Pisa's landmark the Leaning Tower attracts millions of visitors each year. Despite this fact the tower is only part of Campo dei Miracoli (field of Miracles) where you can visit the Duomo, the Baptistry and Camposanto. The Golden Age of Pisa was from the 11th to the 13th century when it became a strong maritime power in the Mediterranean. Here you will sample the Pisan-Romanesque style of architecture with its black and white marble facades and medieval sculptures from the workshops of Nicola and Giovanni Pisano. Florence's Medici rulers during the Renaissance period re-established the University of Pisa and Galileo was a teacher at the time.
One of the most photographed sights of Italy is the Leaning Tower of Pisa and it is best viewed from Porta Nuova. Work began in 1173 and it is believed that the tower was always tilted. Twelve years later it started to subside in the opposite direction than its current lean. Architects in their efforts to counterbalance the lean added 3 more uneven storeys a century later. Finally in 1350 Tommaso Pisano completed it with a lopsided bell chamber.
The Duomo is a model of Pisan-Romanesque style with its dark grey marble and white stone. Its construction began in 1064 and it took almost a century to complete. The pulpit sculpted by Giovanni Pisano is one of highlights of the Duomo. The Baptistry, a circular construction is a 3 storey building of Romanesque arcades and it is the largest in Italy. Camposanto is considered one of the most beautiful cemeteries of the world. Legend has it that during the 4th crusade Archbishop Ubaldo Lanfranchi had Pisan knights bring a cargo of soil from the hill of Golgotha back to this city in order for the eminent people of Pisa to be buried in holy earth.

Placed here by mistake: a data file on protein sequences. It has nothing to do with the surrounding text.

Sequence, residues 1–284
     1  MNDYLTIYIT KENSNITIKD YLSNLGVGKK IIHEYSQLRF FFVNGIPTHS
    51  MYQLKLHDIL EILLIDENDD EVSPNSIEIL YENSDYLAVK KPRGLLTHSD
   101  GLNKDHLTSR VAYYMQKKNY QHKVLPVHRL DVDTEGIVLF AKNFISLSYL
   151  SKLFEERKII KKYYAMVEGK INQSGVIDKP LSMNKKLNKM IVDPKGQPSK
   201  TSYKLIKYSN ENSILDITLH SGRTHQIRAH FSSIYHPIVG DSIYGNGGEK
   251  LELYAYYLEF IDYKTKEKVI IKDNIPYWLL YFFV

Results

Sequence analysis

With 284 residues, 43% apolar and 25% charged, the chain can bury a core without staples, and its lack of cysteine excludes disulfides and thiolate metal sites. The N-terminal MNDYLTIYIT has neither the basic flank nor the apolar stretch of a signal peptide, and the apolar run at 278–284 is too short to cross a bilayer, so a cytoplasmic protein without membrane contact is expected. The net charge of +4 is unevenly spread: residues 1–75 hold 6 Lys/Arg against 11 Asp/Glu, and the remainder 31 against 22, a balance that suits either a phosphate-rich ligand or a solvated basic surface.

The Museo dell'Opera del Duomo contains Giovanni Pisano's Madonna del Colloquio and some beautiful examples of intarsia - the art of inlaid wood which was practiced in Pisa during the 15th and 16th centuries. In the Eastern city quarters you will find lots of Romanesque churches and delightful piazzas and in the west side the Museo Nazionale di Palazzo Reale is worth visiting.
Pisa's airport Galileo Galilei is a couple of km south of the city and there are trains each hour from the airport to Pisa which continue to Florence. The train station is only 1 km from the city centre and there are regular buses unless you want to take the 20-minute walk to the city.